Opinion: Goldman Sachs takes on the Brent spreads

Goldman Sachs
Goldman Sachs says an extension of the OPEC supply cut deal would ultimately be self-defeating if it pushed prices up, causing a fast recovery in oil drilling. Getty Images photo.

Goldman Sachs says rebalancing of oil market “making progress”

By John Kemp

LONDON, March 28 (Reuters) – Progress towards oil-market rebalancing and the need for an extension of production cuts by OPEC and non-OPEC countries has become the most contentious issue in the oil market.

“We believe that the rebalancing of the oil market is in fact making progress despite the record high U.S. crude inventories,” Goldman Sachs analysts said in a note to clients on Sunday.

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Goldman expects oil stocks in the OECD to fall to the five-year average in terms of demand cover by the end of 2017, even if OPEC brings production back on line in the second half.

Goldman projects crude prices will move into backwardation and an extension of the cuts would exacerbate the feared shortfall in supplies. (“Data dependent OPEC unwise to let the stock draws run hot”, Goldman Sachs, March 26)

The bank says an extension would not be warranted and would ultimately be self-defeating if it pushed prices towards $65 per barrel and caused an even-faster recovery in oil drilling.

Goldman is one of the most influential banks in the oil market and among the hedge-fund community so the view of its respected research team carries considerable weight.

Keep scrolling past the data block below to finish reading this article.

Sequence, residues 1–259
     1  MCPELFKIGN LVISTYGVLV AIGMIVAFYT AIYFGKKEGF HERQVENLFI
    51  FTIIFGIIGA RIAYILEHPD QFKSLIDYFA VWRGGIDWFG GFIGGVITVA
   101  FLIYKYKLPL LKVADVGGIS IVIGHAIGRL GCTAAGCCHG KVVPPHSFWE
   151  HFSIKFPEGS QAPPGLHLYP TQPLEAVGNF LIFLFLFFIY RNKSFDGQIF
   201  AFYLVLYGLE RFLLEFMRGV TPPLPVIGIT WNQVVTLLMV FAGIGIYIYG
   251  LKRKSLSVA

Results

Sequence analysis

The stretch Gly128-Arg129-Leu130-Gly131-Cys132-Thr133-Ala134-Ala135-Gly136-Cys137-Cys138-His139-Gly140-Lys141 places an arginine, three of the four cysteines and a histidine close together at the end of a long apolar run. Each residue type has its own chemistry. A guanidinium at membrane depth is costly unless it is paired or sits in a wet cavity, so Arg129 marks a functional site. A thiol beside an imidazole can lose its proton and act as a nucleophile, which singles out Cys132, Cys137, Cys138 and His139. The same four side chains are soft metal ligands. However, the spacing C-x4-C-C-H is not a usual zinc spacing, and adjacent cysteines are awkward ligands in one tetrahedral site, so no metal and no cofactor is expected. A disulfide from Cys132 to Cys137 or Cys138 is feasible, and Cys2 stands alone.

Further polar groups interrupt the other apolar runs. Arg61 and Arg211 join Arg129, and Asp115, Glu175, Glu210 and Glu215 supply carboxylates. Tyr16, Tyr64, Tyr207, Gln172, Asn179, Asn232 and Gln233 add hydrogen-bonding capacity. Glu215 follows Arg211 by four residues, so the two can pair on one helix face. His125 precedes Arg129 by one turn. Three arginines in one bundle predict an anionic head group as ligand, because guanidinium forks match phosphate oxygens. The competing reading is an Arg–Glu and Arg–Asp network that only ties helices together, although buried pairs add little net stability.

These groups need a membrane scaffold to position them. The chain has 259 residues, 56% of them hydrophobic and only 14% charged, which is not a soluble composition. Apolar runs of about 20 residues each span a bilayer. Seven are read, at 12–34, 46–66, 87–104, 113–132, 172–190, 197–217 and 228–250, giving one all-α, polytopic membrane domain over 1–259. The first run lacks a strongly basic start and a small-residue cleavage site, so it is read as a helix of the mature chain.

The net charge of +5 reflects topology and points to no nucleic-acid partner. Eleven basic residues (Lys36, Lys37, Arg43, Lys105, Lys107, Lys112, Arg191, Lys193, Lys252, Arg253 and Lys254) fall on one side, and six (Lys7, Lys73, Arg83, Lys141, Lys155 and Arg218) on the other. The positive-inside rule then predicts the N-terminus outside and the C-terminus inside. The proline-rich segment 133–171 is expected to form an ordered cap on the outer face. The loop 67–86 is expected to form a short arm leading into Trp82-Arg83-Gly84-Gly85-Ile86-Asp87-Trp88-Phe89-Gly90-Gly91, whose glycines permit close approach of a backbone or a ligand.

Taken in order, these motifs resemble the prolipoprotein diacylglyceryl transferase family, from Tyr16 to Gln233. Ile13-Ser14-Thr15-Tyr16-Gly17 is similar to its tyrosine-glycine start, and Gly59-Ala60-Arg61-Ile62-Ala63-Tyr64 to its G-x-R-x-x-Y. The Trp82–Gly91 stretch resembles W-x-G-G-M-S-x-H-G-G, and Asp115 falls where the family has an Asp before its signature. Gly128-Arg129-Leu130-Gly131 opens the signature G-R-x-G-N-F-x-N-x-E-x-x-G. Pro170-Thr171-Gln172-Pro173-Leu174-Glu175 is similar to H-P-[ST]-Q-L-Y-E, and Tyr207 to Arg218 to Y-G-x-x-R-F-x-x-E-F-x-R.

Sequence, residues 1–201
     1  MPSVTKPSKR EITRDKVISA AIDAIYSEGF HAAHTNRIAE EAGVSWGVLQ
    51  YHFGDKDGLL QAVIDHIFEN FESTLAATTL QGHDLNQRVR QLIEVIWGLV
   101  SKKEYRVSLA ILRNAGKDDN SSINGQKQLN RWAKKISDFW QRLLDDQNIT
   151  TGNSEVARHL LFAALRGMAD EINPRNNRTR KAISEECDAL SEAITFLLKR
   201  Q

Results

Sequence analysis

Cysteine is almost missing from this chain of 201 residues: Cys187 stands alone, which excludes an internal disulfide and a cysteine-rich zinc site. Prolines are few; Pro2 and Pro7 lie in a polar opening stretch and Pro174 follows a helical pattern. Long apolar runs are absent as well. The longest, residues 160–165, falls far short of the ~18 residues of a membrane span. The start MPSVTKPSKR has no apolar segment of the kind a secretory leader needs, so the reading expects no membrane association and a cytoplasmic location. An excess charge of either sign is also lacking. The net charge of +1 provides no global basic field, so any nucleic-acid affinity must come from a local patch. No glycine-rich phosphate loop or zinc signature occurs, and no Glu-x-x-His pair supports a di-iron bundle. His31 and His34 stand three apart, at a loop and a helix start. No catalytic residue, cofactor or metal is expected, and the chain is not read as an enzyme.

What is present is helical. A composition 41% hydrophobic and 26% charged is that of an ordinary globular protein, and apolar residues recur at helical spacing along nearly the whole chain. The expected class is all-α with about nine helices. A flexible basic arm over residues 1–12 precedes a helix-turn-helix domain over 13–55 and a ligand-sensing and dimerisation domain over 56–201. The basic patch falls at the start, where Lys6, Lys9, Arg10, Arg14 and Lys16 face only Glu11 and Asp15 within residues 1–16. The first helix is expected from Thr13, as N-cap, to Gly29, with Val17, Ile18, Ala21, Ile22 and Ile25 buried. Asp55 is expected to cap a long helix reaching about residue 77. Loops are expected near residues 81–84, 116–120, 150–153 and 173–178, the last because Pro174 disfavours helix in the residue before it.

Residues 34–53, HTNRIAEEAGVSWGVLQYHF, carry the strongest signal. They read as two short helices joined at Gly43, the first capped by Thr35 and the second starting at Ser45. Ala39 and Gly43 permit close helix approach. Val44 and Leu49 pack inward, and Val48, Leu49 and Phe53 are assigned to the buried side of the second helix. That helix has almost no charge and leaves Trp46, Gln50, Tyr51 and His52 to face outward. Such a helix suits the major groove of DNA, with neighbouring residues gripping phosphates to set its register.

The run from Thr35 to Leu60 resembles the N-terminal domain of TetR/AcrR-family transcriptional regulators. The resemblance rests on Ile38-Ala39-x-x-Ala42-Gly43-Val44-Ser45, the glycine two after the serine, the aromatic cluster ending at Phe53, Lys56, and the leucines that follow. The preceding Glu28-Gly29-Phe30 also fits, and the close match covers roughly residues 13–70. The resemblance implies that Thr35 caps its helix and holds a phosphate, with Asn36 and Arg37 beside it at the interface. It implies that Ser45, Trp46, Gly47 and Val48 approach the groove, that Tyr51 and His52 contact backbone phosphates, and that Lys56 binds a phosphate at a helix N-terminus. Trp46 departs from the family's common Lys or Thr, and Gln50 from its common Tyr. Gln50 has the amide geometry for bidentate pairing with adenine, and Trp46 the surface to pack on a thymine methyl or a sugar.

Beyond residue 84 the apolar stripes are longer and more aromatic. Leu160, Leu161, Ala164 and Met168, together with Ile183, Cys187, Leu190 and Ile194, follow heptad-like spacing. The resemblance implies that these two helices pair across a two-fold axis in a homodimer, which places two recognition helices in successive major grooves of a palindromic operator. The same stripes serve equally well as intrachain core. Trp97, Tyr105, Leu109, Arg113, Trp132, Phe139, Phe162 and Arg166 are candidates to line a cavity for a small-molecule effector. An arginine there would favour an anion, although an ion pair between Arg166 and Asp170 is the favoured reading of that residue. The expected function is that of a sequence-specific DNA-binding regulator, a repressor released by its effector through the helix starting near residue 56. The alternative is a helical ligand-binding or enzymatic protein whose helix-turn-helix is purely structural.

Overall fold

But the bank’s confidence in rebalancing during the second half of 2017 without an extension of the production deal puts it in a minority.

Most traders have become much less sure the market will enter a persistent period of undersupply with a sharp reduction in oil inventories.

Brent calendar spreads for the six months between June and December have weakened sharply over the last four weeks.

The calendar spread between June and December has shifted from a backwardation of 21 cents on Feb. 21 to a contango of 92 cents on March 27.

Contango is generally associated with a well-supplied market and high and/or increasing stocks, while backwardation is associated with an undersupplied market and low and/or falling stocks.

The calendar spread for the second half of 2017 is now trading at the widest contango since OPEC’s deal was announced on Nov. 30.

The weakening of the spreads has not been concentrated in any particular month, with price differentials easing for every month during the second half.

The spreads have become the prime battleground for hedge funds and other traders betting on the timing and speed of oil market rebalancing.

Brent and WTI spreads seem to have attracted heavy interest from some big players in the market at the end of 2016 and the first two months of 2017.

But after a selloff that started after Feb. 21, the current Brent futures price structure is in something of a no-man’s land.

Calendar spreads are barely wide enough to finance high levels of stocks through until the end of December but do not point to a fast draw down in stockpiles either.

From recent movements in the futures curve, many oil traders appear to believe the cuts need to be extended, and are unsure if that will happen, or if it will be enough.

If Goldman is right, however, the calendar spread for the second half of 2017 is currently undervalued and should strengthen significantly, so it presents a good buying opportunity.

If Goldman is wrong, and stocks remain high with or without an extension of the agreement, then most of the inter-month spreads are likely to weaken further as they near maturity to enable the stocks to be carried.

(Editing by Susan Fenton)

John Kemp is a Reuters market analyst. The views expressed are his own.